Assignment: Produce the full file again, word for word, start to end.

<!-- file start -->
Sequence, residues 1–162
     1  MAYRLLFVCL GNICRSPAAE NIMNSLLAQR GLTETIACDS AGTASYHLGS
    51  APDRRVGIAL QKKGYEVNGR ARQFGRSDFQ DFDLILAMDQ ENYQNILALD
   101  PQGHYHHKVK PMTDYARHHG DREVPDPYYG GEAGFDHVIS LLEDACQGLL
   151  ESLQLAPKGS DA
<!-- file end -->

Sequence, residues 1–162
     1  MAYRLLFVCL GNICRSPAAE NIMNSLLAQR GLTETIACDS AGTASYHLGS
    51  APDRRVGIAL QKKGYEVNGR ARQFGRSDFQ DFDLILAMDQ ENYQNILALD
   101  PQGHYHHKVK PMTDYARHHG DREVPDPYYG GEAGFDHVIS LLEDACQGLL
   151  ESLQLAPKGS DA